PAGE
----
A message signed with blood: ISIS releases execution video of Egyptian Christians

ISIS Egyptian Christians by Haley Jordan

“Every life… look for humanity. Look for God’s creation.” Bishop Angaelos from the Coptic Orthodox Church in London speaks on the mass execution of the Egyptian Christians by the Islamic State.

February 25, 2015 / Volume XXXVII / Issue 2

A newly formed Libyan army of the Islamic State released a video showing the beheading of at least a dozen Coptic Christians on the southern shore of the Mediterranean Sea, possibly in retaliation for Osama bin Laden’s body being allegedly dropped into the Arabian Sea in 2011.

Officials of Libya’s internationally recognized government recently went to Washington seeking assistance to stop the expansion of the Islamic State’s influence and control. Even some opponents of Libya’s official government have begun speaking about the need to stop the spread of ISIS.

Militants of the Tripolitania Province of ISIS announced in January that they had taken hostage 20 Egyptian Christians, or Copts. Coptic refers to the native Christian church in Egypt that uses the Coptic language in its liturgy. It is unclear whether all hostages were killed, but it is known that the laborers from the city of Sirte were taken in December and January.

The video depicts masked militants shrouded in black leading the bound hostages wearing orange jumpsuits toward the camera along the edge of a rocky beach, said to be in western Libya. Spanning five minutes, it is polished and edited, and bears the name Al Hayat, the logo of ISIS’ media arm, making it clear the video is not like previous cellphone clips by Libyan militants.

The apparent leader spoke in fluent English with an American accent, his words also written in Arabic subtitles. The title reads “A Message Signed With Blood to the Nation of the Cross.”

“Oh, people, recently you have seen us on the hills of as-Sham and Dabiq’s plain, chopping off the heads that have been carrying the cross for a long time,” the lead executioner said. “Today, we are on the south of Rome, on the land of Islam, Libya, sending another message… The sea you’ve hidden Sheikh Osama bin Laden’s body in, we swear to Allah we will mix it with your blood.”

The man adds that the killings are also in light of a dispute in Egypt five years ago over a Coptic Christian woman, Camilia Shehata, supposedly having been kidnapped by her husband and members of the church after trying to convert to Islam.

The hostages are then filmed being placed facedown on the sand, some appearing to pray quietly. They are simultaneously beheaded and the video ends with a shot of the Mediterranean Sea stained red.

Following the confirmation of the identities of the martyrs, President Abdel Fattah el-Sisi of Egypt declared seven days of mourning and a defense council meeting to decide the “necessary means and timing to avenge the criminal killings.”

Although the massacre was conducted in the same style of previous execution videos released by ISIS, it is unique and troublesome in that it was shot outside of ISIS’ core territory in Syria and Iraq, adding to the already present fears that the group is farther reaching than the confirmed areas. Three groups of Libyan fighters are known to have already pledged loyalty to the Islamic State, spanning throughout the country’s three major regions: Barqa, Fezzan and Tripolitania.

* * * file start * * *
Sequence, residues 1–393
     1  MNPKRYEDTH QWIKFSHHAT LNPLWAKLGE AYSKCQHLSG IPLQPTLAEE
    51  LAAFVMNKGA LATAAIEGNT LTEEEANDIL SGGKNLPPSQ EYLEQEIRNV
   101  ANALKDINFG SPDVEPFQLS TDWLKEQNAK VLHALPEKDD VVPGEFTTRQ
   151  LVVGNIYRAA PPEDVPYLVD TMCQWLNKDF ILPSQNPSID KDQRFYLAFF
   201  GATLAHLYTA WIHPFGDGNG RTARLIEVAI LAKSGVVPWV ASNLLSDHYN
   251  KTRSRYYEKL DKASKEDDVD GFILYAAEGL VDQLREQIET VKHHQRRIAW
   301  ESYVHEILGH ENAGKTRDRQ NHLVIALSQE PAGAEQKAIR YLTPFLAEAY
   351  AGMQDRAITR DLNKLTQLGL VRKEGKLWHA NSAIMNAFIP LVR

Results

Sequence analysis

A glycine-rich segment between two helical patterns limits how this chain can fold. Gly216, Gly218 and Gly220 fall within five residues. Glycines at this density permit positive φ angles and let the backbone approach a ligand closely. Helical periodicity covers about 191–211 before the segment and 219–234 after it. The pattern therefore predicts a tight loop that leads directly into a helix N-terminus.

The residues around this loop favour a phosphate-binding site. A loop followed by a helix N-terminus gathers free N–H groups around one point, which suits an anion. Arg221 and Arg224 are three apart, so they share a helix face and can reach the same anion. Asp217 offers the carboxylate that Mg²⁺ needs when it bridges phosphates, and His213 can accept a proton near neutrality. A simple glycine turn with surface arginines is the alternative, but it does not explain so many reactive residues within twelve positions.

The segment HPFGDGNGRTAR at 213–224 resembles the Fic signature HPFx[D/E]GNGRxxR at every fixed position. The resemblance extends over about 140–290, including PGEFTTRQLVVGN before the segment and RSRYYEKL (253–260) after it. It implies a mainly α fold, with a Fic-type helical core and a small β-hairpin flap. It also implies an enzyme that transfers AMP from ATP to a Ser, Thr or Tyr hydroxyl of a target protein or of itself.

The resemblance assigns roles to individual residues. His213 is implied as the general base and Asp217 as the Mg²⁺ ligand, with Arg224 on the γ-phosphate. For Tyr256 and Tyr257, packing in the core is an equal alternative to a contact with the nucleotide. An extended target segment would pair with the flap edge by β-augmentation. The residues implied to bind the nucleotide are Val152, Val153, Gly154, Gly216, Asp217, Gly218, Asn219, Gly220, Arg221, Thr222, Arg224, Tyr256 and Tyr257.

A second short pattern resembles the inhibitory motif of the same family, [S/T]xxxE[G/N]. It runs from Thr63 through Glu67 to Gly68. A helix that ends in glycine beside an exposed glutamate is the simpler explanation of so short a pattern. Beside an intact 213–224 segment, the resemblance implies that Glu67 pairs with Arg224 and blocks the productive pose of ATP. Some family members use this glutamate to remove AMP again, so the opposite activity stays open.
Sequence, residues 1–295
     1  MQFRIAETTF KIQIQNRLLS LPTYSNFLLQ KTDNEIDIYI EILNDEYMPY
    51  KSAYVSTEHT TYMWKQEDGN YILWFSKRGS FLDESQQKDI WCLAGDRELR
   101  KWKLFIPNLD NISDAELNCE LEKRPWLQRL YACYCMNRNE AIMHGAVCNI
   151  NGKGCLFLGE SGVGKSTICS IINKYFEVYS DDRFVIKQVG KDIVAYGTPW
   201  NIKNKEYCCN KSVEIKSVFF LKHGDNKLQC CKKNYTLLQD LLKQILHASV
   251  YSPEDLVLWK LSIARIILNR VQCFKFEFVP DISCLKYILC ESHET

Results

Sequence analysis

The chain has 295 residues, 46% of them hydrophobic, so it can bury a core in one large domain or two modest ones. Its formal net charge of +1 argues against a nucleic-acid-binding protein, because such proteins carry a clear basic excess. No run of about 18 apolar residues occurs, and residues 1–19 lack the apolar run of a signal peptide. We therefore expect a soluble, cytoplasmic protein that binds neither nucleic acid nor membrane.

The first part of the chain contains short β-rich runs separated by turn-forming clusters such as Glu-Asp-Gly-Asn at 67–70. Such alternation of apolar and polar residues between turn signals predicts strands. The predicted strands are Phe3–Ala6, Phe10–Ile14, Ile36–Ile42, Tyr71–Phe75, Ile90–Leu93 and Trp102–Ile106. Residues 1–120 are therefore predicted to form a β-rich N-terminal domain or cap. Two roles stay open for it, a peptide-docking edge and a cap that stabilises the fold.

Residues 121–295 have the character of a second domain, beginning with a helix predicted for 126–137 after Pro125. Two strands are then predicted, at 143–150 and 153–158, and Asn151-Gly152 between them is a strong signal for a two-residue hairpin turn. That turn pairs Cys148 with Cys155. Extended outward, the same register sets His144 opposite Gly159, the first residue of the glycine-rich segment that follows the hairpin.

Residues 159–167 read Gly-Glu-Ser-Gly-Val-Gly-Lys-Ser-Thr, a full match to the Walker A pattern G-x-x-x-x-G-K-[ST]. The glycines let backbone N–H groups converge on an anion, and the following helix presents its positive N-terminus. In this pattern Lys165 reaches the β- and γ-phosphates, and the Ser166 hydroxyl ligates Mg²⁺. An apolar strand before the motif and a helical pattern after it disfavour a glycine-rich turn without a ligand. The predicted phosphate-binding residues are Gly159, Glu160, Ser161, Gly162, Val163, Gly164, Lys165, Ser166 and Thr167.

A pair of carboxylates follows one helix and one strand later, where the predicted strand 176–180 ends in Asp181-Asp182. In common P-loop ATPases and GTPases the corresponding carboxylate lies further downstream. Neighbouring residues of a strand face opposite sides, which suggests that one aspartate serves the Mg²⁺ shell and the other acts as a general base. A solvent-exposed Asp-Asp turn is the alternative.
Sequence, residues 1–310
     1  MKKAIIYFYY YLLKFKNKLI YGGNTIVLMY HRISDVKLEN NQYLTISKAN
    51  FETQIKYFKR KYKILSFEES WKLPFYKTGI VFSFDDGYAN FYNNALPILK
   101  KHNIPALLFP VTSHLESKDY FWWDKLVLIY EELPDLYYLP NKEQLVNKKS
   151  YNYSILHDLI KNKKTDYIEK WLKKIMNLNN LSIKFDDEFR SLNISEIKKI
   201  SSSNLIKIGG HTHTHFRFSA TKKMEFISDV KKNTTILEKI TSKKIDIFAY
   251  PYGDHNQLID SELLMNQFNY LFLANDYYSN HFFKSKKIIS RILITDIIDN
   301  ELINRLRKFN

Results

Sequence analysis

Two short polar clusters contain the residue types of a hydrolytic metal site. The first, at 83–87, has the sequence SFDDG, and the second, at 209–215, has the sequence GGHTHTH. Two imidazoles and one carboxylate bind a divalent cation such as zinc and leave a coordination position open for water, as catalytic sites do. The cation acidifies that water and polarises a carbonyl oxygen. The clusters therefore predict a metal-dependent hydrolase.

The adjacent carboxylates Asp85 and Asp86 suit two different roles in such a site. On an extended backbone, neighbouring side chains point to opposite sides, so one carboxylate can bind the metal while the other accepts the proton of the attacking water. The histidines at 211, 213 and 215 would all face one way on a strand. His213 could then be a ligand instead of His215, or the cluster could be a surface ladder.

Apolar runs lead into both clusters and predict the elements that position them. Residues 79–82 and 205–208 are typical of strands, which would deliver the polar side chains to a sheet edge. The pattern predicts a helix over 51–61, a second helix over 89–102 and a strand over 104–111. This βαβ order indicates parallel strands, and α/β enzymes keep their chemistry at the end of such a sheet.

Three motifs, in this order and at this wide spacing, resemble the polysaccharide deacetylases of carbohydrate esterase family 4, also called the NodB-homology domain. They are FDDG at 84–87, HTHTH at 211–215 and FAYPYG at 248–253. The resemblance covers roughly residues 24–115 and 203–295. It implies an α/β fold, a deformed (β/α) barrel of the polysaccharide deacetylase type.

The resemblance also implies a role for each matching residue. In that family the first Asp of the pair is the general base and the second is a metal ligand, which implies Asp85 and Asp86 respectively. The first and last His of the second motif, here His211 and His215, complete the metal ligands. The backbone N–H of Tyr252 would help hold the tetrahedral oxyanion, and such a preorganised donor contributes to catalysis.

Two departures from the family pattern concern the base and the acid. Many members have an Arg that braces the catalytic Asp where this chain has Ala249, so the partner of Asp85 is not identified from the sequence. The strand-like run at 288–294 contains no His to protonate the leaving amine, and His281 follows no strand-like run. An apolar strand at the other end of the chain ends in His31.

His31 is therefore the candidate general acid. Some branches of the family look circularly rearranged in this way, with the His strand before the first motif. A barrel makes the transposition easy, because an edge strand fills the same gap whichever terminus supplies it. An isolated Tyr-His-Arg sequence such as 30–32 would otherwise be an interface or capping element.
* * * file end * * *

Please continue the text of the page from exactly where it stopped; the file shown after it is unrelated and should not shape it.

“Libya is a prime place for something like this to develop because the state is broken down,” Professor of Political Science Barbara Hicks commented. “The government doesn’t have control of the country, it doesn’t have control of the borders … What you would really want to do to combat ISIS is to have functional governments that address the issues that are of concern to recruits, most of the people requited for terrorist organizations … a lot of the time are the youth who don’t have prospects, who look at stagnant economies, corrupt and brutal regimes, and then look for alternative sources of political inspiration and mobilization. On the long term level you need to change how governments govern, and that doesn’t solve an immediate crisis.”

The killings in conjunction with the said plans to “conquer Rome,” show the possibility of a subsidiary group of ISIS existing less than 500 miles from the Southern tip of Italy. Along with these concerning developments, there is much controversy over the implications of religion-based targeting.

“This is a genocidal movement,” Charles Krauthammer of Fox News said.

“That’s what we’re up against and we have an administration that will not even admit that there’s a religious basis underlying what’s going on,” Krauthammer stated. Krauthammer and others have been criticizing the White House for referring the hostages “Egyptian Citizens” instead of Coptic Christians. Regardless, there is reason for the president to resist calling the killings Islamic supremacy, in that it could contribute to anti-Western ideology.

“I totally understand the reason the president isn’t flat out naming Islam,” commented first-year Mason Smith. “In ISIS’ areas of control one of their propaganda methods is they say that the West is waging a war on Islam and saying ‘you should join ISIS because this war on Islam is going on,’ and so that’s the reason he’s not flat out saying it is an Islamic thing.” Smith noted that ISIS is a radical sect and does not represent Islam as a whole, adding that the Islamic State’s victims span many other groups and religions.

“And as a Christian myself, martyrdom in Christianity has had a long history, Jesus Christ was the first martyr, and I pray for the Christians and all the people who are coming under attack by ISIS,” Smith said.

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